Delaying Halo Infinite to 2021 was no doubt a very difficult choice for 343 Industries Studio Head Bonnie Ross, Xbox Game Studios boss Matt Booty, and Head of Xbox Phil Spencer, but it is absolutely the right one. It requires a whole lot of entrepreneurial courage to do what they just did, as I can’t think of another time in video game history where a console’s long-touted flagship launch game got delayed at the eleventh hour. Yes, the hole that Master Chief’s long-awaited return leaves in the Xbox Series X launch lineup is a big one – and does weaken the short-term case for buying a Series X at launch – but console generations are long, and the damage that a definitely rushed and possibly disappointing new Halo game would’ve had on the Xbox brand as it continues to rebuild its image would’ve been far worse.
First, let’s look at where this leaves the Xbox Series X as it prepares to launch in November. The big launch title is arguably, as of now, not a game at all. It’s a service: Xbox Game Pass. Well, that and the Xbox Series X-upgraded-but-not-yet-optimized version of Cyberpunk 2077, which will be marketed with Xbox. It’s fair to argue that there isn’t much reason to buy an Xbox Series X at launch anymore; Microsoft itself hasn’t announced any other brand-new day-one first-party launch titles – instead offering Series X-optimized upgrades of Gears 5, Forza Horizon 4, and Gears Tactics. All of the other first-party heavyweights are early in development, and smaller second-party exclusives like Scorn and The Medium probably aren’t going to move the needle for a fence-sitting console buyer this Fall.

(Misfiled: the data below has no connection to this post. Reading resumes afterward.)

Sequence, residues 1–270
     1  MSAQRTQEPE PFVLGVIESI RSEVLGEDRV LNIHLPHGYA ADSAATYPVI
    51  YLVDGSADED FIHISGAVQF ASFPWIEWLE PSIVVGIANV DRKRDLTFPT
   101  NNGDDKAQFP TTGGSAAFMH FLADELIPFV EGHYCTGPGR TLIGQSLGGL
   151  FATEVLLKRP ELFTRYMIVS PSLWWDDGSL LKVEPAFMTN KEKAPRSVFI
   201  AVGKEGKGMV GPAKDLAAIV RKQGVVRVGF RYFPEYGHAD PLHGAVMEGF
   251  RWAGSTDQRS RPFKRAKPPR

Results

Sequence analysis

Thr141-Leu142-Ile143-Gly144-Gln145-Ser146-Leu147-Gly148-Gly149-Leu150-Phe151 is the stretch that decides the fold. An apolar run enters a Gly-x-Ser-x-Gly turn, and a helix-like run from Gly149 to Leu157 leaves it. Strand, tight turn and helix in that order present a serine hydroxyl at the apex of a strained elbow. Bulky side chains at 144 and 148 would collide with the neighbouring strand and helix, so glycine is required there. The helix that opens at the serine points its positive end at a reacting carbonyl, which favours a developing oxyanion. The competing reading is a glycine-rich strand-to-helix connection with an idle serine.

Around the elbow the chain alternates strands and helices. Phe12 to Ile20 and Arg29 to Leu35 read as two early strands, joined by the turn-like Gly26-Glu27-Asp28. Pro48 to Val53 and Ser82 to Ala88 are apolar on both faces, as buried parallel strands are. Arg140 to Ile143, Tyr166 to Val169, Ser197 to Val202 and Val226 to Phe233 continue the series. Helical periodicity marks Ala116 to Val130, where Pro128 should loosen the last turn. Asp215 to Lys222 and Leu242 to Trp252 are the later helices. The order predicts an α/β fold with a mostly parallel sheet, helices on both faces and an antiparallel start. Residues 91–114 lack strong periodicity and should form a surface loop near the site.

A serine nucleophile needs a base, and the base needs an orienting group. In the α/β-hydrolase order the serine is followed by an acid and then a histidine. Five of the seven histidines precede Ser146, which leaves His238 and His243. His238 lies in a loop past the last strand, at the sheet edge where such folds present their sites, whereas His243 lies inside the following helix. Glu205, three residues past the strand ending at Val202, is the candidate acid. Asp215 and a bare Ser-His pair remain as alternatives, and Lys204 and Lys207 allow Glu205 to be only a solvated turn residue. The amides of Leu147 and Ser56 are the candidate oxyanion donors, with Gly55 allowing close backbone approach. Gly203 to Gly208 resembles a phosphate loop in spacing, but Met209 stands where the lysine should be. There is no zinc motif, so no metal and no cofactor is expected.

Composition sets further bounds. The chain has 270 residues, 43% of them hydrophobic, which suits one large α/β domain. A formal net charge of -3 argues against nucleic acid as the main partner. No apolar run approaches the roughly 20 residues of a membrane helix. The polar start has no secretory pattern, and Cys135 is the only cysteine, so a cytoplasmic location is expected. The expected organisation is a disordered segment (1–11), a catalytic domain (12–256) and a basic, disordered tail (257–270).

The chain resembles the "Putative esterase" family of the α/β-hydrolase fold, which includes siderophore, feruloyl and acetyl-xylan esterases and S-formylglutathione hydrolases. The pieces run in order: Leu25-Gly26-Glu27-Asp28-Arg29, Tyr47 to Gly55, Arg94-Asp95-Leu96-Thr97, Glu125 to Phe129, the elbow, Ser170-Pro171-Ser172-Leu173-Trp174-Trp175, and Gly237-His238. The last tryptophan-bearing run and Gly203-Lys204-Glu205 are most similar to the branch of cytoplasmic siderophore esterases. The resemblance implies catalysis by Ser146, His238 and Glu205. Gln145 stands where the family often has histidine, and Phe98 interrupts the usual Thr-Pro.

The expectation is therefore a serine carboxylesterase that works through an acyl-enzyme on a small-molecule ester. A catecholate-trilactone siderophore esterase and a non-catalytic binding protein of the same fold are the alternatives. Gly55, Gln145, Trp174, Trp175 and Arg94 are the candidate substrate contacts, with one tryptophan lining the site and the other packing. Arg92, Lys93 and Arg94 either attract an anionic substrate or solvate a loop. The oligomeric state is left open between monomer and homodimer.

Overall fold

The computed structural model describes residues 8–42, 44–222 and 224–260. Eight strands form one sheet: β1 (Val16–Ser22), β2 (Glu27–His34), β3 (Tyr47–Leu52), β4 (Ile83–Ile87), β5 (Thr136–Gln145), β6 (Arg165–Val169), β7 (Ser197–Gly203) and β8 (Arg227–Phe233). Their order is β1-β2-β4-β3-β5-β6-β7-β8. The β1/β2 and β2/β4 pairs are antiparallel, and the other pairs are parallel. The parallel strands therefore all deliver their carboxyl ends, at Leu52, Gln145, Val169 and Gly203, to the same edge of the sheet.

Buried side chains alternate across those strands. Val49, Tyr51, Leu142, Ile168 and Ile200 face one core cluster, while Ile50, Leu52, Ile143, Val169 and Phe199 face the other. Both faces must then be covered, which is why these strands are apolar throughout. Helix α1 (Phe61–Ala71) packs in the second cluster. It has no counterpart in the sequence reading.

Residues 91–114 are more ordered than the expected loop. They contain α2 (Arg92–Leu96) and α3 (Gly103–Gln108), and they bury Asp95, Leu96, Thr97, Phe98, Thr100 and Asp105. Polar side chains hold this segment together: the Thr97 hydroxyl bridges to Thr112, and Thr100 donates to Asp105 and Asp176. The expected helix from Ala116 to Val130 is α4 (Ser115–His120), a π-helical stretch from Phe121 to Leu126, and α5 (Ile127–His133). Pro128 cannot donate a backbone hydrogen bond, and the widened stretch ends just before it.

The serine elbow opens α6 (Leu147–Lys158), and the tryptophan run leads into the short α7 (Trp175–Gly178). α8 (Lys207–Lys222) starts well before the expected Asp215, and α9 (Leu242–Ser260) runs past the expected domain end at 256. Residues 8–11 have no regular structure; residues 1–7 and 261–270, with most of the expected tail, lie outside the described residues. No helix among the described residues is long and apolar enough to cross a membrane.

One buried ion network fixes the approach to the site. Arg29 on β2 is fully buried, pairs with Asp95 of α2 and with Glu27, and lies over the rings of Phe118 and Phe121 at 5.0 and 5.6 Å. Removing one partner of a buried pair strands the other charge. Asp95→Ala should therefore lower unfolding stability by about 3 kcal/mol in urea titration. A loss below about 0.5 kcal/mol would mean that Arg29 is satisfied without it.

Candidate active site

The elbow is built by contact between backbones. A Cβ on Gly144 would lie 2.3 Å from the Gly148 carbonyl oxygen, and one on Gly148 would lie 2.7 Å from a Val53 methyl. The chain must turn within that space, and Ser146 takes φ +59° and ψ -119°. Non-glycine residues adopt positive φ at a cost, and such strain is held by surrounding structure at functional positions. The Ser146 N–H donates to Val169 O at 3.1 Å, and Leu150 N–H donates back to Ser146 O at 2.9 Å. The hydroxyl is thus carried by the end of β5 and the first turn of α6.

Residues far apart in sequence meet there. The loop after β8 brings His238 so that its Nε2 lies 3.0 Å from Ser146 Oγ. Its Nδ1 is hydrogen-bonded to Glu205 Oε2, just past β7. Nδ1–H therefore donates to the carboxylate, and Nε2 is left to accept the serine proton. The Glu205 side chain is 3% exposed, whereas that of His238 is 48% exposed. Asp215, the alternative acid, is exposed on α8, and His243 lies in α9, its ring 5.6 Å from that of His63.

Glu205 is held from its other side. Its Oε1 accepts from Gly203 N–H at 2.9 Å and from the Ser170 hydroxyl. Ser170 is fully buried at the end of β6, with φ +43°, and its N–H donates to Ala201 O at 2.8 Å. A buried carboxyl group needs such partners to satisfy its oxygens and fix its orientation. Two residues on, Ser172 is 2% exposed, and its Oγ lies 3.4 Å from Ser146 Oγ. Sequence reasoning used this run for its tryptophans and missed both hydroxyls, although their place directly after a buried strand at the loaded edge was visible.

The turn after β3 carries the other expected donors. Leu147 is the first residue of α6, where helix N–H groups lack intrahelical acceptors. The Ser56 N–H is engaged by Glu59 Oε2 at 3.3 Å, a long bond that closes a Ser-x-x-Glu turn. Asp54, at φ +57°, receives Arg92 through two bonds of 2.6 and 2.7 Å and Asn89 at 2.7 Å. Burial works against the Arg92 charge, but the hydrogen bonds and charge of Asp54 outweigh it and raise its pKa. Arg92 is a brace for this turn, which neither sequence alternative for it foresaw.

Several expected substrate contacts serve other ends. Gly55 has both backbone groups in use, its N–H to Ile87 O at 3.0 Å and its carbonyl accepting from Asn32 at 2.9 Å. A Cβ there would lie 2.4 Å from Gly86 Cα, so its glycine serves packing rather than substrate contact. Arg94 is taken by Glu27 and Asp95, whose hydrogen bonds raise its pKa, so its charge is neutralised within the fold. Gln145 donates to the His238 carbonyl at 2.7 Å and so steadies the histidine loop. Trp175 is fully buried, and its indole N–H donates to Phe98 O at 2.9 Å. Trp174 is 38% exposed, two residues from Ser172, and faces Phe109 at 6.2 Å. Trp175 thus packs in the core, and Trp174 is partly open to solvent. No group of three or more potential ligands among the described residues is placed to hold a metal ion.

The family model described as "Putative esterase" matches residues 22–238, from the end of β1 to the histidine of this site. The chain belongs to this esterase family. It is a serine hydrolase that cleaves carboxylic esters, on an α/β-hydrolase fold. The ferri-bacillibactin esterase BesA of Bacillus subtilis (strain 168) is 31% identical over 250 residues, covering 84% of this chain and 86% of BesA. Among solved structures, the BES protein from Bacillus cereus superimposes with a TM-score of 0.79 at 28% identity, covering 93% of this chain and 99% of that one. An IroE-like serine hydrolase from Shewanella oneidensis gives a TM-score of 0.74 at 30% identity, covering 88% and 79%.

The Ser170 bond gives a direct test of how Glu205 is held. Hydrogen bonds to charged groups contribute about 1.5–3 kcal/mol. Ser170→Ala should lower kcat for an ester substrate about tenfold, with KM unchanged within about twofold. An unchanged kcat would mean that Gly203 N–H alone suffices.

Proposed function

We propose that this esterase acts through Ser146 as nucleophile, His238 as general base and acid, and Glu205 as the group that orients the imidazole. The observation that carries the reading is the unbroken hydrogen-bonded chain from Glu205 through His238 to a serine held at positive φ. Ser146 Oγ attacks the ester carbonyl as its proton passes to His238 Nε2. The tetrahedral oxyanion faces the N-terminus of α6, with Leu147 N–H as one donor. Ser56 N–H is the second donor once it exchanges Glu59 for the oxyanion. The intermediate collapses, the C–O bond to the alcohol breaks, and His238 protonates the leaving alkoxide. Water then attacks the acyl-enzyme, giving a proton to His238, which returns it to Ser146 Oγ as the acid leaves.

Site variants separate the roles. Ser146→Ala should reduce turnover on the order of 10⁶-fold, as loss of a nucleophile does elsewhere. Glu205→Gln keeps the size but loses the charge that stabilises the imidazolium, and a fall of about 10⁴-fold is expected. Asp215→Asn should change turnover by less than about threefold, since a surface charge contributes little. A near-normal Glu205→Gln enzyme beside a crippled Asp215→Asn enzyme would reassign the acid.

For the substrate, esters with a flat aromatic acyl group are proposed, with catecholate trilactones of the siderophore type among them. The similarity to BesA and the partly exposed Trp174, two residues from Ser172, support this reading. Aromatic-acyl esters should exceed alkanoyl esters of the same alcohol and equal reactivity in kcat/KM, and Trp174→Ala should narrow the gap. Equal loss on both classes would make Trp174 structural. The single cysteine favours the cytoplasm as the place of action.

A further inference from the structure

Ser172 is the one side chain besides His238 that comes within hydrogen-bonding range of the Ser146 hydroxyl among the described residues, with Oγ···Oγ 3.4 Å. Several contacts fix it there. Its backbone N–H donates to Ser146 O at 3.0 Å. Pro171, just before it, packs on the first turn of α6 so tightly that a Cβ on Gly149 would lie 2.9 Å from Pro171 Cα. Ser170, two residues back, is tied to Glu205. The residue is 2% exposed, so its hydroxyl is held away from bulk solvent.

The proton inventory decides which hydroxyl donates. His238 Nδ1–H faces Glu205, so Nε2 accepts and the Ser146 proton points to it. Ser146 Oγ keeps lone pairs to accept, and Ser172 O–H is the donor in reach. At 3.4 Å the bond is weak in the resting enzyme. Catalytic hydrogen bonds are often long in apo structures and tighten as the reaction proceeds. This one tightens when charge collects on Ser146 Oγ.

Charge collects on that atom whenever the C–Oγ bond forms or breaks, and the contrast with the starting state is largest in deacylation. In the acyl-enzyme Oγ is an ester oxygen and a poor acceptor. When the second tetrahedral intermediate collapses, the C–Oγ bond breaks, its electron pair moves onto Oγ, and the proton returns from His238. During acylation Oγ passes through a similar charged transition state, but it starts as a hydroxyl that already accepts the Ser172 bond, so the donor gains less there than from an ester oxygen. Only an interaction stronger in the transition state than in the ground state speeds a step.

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But Spencer was clearly prepared for this possibility. He explicitly told me back in late March that no single game – not even Halo Infinite – would delay the Series X launch in the face of the coronavirus pandemic. Today he walked the walk on that statement. Furthermore, there is one major card left for Microsoft to potentially play to swing the vote: price. In that same conversation, Spencer told me that Microsoft would “remain agile” on the price of the Series X, suggesting that it can and will undercut the PS5’s price in order to make its console even more attractive in the marketplace and avoiding the pricing debacle that helped dig Xbox a deep hole at the beginning of this generation. It’s important not to forget that the Series X is the more powerful console. Combine that and a price advantage with a free trial of Game Pass that will allow Series X buyers to play hundreds of games out of the box at launch without spending another dime is an enviable position for Microsoft to be in, even without Halo.
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That said, it’s been a very publicly rough few weeks for Microsoft, and I can imagine some frayed nerves company-wide. First, Halo Infinite’s campaign debut at the Xbox Games Showcase was vocally criticized for not looking up to scratch to the point that developer 343 Industries acknowledged the negative reaction in an update on Halo Waypoint. Then, days later, an Irish toy retailer leaked the news that Infinite’s multiplayer component would be free to play, robbing the team of their moment to tell its full next-gen multiplayer story. Last week, meanwhile, Apple roadblocked Microsoft’s Project xCloud game streaming plans on iOS devices. After that, Xbox Series X controllers somehow found their way into regular consumers’ hands, revealing Microsoft’s long-rumored other, less-powerful next-gen console, the Xbox Series S in the process, without the fanfare Microsoft would surely have wanted.